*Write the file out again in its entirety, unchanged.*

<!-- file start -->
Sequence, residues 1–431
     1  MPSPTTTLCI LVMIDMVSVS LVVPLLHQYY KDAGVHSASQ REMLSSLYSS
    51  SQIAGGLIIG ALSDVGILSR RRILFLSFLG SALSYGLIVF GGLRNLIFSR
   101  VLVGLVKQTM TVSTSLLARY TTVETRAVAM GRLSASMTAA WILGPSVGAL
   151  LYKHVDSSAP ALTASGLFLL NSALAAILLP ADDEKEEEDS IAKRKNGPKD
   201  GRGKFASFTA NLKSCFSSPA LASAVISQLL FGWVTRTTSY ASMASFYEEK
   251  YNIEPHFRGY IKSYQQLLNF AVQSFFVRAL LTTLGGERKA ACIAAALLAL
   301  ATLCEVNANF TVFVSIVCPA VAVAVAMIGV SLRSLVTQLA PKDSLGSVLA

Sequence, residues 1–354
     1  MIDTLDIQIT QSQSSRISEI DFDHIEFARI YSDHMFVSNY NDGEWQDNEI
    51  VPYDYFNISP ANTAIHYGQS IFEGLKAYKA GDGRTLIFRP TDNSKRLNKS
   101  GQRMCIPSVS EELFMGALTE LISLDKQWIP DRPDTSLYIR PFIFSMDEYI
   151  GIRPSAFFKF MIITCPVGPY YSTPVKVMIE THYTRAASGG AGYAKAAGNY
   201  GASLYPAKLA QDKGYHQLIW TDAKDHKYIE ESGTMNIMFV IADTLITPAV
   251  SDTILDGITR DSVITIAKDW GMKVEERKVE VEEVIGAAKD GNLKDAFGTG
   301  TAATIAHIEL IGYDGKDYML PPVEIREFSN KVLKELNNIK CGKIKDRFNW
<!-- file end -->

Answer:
Sequence, residues 1–431
     1  MPSPTTTLCI LVMIDMVSVS LVVPLLHQYY KDAGVHSASQ REMLSSLYSS
    51  SQIAGGLIIG ALSDVGILSR RRILFLSFLG SALSYGLIVF GGLRNLIFSR
   101  VLVGLVKQTM TVSTSLLARY TTVETRAVAM GRLSASMTAA WILGPSVGAL
   151  LYKHVDSSAP ALTASGLFLL NSALAAILLP ADDEKEEEDS IAKRKNGPKD
   201  GRGKFASFTA NLKSCFSSPA LASAVISQLL FGWVTRTTSY ASMASFYEEK
   251  YNIEPHFRGY IKSYQQLLNF AVQSFFVRAL LTTLGGERKA ACIAAALLAL
   301  ATLCEVNANF TVFVSIVCPA VAVAVAMIGV SLRSLVTQLA PKDSLGSVLA

Sequence, residues 1–354
     1  MIDTLDIQIT QSQSSRISEI DFDHIEFARI YSDHMFVSNY NDGEWQDNEI
    51  VPYDYFNISP ANTAIHYGQS IFEGLKAYKA GDGRTLIFRP TDNSKRLNKS
   101  GQRMCIPSVS EELFMGALTE LISLDKQWIP DRPDTSLYIR PFIFSMDEYI
   151  GIRPSAFFKF MIITCPVGPY YSTPVKVMIE THYTRAASGG AGYAKAAGNY
   201  GASLYPAKLA QDKGYHQLIW TDAKDHKYIE ESGTMNIMFV IADTLITPAV
   251  SDTILDGITR DSVITIAKDW GMKVEERKVE VEEVIGAAKD GNLKDAFGTG
   301  TAATIAHIEL IGYDGKDYML PPVEIREFSN KVLKELNNIK CGKIKDRFNW